Whole Grain Salads

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Whole Grains
01 Sep 2015

Whole grains are among the most useful ingredients, for many reasons, but now that warm weather is here to stay for a while, you’ll find them the perfect foundations for summer salads. All you have to do with barley, brown rice, buckwheat, quinoa and bulgur, to name just a few, is cook them and moisten the grains with a tasty dressing. It’s a quick fix as a side salad that goes with almost any kind of meat, poultry or fish entrée, especially the ones you cook outdoors on the grill. I make these salads often because they are such a welcome alternative to the usual potatoes and rice.

Like most salads, the ones made with grains are extremely versatile. So, while a simple vinaigrette-dressed side dish is easy and tasty, you can also mix in all sorts of other ingredients to create a different recipe each time you make it. Most of the time I choose the mix-ins based on what I already have in the pantry or fridge. But if I am shopping, I buy whatever looks best in the produce bin.

The easiest and simplest additions are fresh, raw vegetables such as grape tomatoes, cut up zucchini, chopped bell peppers, carrots, celery, diced cucumber and so on. The kind of stuff many people keep as staples. You can also use thawed frozen peas or corn kernels (they need no cooking). With just a little more effort you can cook the vegetables (spinach, pieces of broccoli, cut up asparagus or mushrooms) and include those. Or use the leftovers from last night’s dinner.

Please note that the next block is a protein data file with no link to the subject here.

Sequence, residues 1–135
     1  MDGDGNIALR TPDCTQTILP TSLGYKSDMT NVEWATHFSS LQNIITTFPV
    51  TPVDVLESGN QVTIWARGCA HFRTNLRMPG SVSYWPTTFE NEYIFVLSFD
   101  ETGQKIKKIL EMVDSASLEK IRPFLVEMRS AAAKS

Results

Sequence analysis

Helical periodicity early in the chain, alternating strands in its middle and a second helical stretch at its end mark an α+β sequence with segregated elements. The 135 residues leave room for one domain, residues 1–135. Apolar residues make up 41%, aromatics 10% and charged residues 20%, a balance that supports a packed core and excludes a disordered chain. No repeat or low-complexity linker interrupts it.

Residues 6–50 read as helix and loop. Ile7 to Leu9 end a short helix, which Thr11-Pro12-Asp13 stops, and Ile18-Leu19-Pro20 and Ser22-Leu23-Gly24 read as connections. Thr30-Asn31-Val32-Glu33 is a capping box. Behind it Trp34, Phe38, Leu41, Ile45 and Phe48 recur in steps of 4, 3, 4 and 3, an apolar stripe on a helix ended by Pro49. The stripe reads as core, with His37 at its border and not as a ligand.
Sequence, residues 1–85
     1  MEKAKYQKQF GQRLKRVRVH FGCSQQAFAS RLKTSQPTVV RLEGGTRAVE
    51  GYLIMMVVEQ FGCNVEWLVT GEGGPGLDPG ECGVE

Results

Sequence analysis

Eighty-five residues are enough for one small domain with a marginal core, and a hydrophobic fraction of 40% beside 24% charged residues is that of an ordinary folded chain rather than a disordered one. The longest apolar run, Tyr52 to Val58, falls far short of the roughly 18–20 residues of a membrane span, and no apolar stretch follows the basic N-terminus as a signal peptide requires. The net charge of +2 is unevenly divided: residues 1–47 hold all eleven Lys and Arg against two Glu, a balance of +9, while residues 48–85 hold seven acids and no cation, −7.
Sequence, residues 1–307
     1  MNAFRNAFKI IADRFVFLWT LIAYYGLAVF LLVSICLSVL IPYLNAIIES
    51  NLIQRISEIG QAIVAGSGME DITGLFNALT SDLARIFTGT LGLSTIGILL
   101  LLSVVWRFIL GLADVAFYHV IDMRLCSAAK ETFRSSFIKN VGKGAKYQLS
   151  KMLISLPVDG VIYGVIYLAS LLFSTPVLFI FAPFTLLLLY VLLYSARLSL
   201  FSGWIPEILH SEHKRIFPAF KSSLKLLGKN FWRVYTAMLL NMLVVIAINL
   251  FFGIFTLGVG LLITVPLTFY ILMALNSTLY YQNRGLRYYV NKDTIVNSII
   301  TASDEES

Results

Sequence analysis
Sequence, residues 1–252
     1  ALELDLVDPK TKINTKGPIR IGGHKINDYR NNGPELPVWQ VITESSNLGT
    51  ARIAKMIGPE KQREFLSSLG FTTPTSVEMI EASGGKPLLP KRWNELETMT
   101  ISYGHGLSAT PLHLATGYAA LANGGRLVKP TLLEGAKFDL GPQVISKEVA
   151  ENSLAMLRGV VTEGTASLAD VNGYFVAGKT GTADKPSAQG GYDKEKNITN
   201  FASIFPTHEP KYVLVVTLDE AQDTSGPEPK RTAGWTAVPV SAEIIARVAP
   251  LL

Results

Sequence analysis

It’s easy to build on a grain salad to make it more interesting, appealing and even filling, if that’s needed. If I am serving a few grain salads at a meal, I often jazz one of them up with a strong or pungent ingredient such as radish or chili peppers or one of the onions (red onion, shallot, scallions and Vidalias come to mind). Most of the time I will also include some chopped fresh herbs (typically basil, thyme, parsley, oregano, cilantro or rosemary) because they provide so much flavor. I am lucky to grow some of these herbs in my garden, so they’re always on hand during the summer months, but fresh herbs are now widely available in the stores.

You could be finished right here, but there are more options to consider. For example, because I often make two or three grain salads as part of a dairy meal, I might add cheese (feta, blue, Monterey jack or cheddar, to name some) to one or two of them. On the other hand, if I am at a loss as to what to make for a meat dinner and don’t want to serve the typical meat-starch-protein threesome, I will use cut up chicken, turkey, lamb or beef (again, leftovers are terrific) to transform the grain salad from a side dish to a refreshing, light but satisfying summer night’s main course.

Occasionally, although we are not vegetarians, we have a meatless, dairy-free meal. I rely on grain salads here too, and stir in cooked lentils, chick peas or beans. That’s how utterly multipurpose grain salads can be.


Ronnie Fein has been a freelance food and lifestyle writer since 1980. She currently writes regular features for the food and community sections of daily newspapers and has written articles for Newsday, Cook’s Illustrated, Consumer’s Digest, Connecticut magazine, and many other publications. She operates the Ronnie Fein School of Creative Cooking in Stamford, Connecticut and is the author of three cookbooks, the most recent is Hip Kosher (DaCapo, 2008).

The words of this author reflect his/her own opinions and do not necessarily represent the official position of the Orthodox Union.